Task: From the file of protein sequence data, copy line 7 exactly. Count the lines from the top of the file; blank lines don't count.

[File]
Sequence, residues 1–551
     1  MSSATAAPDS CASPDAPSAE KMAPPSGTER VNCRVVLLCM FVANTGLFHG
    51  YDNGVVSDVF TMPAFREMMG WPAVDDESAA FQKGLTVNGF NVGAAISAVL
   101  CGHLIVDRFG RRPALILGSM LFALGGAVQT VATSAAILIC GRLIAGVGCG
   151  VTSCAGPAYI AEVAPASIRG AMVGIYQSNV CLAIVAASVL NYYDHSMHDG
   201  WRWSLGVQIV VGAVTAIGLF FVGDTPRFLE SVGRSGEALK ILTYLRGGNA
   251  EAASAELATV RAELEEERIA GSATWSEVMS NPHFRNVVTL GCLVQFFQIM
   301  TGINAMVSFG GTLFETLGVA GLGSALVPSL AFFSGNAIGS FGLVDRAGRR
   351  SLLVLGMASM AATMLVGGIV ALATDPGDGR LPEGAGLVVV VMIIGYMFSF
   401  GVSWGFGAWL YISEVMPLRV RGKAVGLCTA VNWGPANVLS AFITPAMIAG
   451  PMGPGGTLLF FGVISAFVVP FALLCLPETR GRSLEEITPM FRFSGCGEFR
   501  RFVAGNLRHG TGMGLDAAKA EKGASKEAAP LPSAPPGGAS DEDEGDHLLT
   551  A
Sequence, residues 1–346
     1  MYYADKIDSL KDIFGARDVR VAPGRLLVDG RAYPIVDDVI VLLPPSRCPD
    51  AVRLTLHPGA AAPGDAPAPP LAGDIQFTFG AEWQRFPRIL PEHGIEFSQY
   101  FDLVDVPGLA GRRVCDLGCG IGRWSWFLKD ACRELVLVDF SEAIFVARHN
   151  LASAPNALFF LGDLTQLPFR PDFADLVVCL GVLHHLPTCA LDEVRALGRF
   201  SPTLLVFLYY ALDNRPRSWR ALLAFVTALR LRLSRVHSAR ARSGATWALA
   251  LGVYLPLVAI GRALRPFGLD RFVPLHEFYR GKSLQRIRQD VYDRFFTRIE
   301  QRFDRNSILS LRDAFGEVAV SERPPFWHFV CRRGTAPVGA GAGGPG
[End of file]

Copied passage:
   251  EAASAELATV RAELEEERIA GSATWSEVMS NPHFRNVVTL GCLVQFFQIM